MEMPHIS, Tenn. (WMC) - Doctor Nick Hysmith, medical director of infection prevention at Le Bonheur Children’s Hospital, spoke with WMC Action News 5′s Joe Birch Tuesday about the COVID-19 vaccine rollout in Tennessee.
Hysmith also serves on the Methodist Le Bonheur Vaccine Task Force and is a professor at the University of Tennessee Health Sciences Center.
When will Tennessee/Shelby County’s vaccine distribution begin?
While vaccine distribution is already underway in our neighboring states, Tennessee’s has yet to begin. Hysmith says the task force has been told to expect the vaccine toward the end of this week, though it will be some time before the general public has access.
When will the general public have access to the vaccine?
As outlined in Tennessee’s distribution timeline, the vaccine will first go to health care providers and frontline workers interacting regularly with COVID-19 patients.
Next are those with high risks and co-morbidities followed by critical infrastructure such as school teachers.
Hysmith estimates vaccine rollout to the general public by early spring or summer.
What’s the difference between the Moderna and Pfizer-BioNTech vaccines?
Hysmith says the vaccines are very similar. The big difference is how they’re stored.
The Pfizer vaccine must be stored in ultra-cold temperatures below -95 degrees Fahrenheit. Moderna doesn’t require ultra-cold storage.
Both vaccines require two rounds of shots. Pfizer’s second shot is on day 21. Moderna’s is on day 28.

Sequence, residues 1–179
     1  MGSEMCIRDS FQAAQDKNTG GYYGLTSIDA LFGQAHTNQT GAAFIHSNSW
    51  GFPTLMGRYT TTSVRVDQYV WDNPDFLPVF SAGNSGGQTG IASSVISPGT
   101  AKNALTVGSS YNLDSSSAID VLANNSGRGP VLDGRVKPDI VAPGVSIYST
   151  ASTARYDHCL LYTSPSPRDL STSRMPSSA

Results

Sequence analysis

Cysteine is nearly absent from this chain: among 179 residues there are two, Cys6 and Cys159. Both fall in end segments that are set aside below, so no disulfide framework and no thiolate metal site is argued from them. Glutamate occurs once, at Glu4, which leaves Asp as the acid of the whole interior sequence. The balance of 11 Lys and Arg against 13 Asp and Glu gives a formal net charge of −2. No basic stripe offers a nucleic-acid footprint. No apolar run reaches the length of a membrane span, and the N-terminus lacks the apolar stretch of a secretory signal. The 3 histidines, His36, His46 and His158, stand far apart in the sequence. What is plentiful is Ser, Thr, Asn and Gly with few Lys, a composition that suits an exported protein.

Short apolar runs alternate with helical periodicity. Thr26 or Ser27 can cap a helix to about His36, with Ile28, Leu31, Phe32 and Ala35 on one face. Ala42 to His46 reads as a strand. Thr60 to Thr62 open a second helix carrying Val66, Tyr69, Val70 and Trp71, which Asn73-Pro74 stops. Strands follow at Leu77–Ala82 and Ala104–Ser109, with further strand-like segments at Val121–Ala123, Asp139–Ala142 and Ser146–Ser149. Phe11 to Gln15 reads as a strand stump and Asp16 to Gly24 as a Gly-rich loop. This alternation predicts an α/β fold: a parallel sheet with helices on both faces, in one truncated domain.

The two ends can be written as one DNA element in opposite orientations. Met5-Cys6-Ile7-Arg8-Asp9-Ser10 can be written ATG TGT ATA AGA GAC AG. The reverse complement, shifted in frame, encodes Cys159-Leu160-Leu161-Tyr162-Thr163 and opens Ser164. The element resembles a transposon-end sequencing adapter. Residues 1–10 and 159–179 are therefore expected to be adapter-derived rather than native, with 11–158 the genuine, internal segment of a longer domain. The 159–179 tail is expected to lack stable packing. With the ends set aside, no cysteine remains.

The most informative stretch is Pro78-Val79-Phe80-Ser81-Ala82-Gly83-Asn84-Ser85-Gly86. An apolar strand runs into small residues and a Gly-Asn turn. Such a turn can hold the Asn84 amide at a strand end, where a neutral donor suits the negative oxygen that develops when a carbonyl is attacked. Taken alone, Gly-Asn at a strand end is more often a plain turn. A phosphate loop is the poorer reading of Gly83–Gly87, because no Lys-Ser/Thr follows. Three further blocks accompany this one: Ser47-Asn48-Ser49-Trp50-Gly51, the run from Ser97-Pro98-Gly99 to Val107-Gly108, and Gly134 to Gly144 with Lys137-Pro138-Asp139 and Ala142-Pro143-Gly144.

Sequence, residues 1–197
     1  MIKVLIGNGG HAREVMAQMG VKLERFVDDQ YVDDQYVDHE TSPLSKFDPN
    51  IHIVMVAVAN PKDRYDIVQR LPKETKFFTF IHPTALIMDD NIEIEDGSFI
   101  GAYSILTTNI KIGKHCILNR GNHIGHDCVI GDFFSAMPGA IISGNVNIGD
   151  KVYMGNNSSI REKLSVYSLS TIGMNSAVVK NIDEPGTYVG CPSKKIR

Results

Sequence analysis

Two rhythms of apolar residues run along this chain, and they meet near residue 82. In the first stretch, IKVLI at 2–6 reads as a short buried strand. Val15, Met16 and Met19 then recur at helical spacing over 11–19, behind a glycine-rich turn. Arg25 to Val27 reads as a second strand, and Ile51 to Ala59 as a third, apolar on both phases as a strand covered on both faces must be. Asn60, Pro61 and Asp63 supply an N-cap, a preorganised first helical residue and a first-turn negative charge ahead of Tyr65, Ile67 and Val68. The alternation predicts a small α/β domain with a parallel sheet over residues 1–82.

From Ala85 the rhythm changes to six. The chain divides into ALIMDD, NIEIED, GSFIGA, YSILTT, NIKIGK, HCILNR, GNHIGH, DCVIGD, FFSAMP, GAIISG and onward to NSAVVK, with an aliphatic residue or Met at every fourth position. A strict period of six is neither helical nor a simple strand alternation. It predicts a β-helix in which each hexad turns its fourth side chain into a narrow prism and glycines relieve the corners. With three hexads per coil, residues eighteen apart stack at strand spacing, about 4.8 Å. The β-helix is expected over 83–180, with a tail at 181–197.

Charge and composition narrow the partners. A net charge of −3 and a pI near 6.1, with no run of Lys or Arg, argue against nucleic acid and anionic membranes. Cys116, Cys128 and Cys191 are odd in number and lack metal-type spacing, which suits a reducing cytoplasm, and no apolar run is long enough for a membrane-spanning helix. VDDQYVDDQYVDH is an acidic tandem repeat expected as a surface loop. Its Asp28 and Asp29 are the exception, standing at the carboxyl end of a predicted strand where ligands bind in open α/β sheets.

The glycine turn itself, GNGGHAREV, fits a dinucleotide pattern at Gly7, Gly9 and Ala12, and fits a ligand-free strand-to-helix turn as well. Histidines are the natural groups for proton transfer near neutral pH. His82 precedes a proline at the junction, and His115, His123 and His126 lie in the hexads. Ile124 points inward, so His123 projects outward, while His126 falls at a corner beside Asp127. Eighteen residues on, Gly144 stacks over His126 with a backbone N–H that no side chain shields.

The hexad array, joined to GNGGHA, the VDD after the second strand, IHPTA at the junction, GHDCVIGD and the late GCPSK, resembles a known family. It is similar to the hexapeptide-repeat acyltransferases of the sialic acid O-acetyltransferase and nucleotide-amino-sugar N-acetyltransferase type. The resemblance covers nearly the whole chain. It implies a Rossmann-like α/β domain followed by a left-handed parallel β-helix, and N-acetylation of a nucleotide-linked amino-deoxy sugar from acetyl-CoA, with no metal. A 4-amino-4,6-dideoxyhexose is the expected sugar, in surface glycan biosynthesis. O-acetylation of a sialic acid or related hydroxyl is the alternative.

Will we get to choose which vaccine to take or is it based on what’s available?
“The general public should not be concerned about that,” said Hysmith. “The safety profile of both of the vaccines are very similar, and the efficacy is very similar as well.”
Hysmith says it’s unclear on if people will get to choose their vaccine, but more likely it will be dependent on what’s available in their area.
Because the Pfizer vaccine requires ultra-cold storage, Hysmith says it appears to be going to more urban areas with facilities that have that capability, whereas Moderna, once approved for use, will likely go to community hospitals and rural areas.
Is there any progress on testing vaccines on young children?
Hysmith says there are no current studies enrolling children for COVID-19 vaccine testing.
He expects more information to become available in the spring or summer.
With hospital capacity dwindling in the Mid-South, could Le Bonheur Children’s Hospital open its doors to adult patients?
Hysmith says the task force has daily conversations discussing capacity.
He says hospital has designated a floor if the need arises, but right now what’s needed most is staffing at other facilities. Le Bonheur has provided nurses in the past to help sister hospitals across the Mid-South.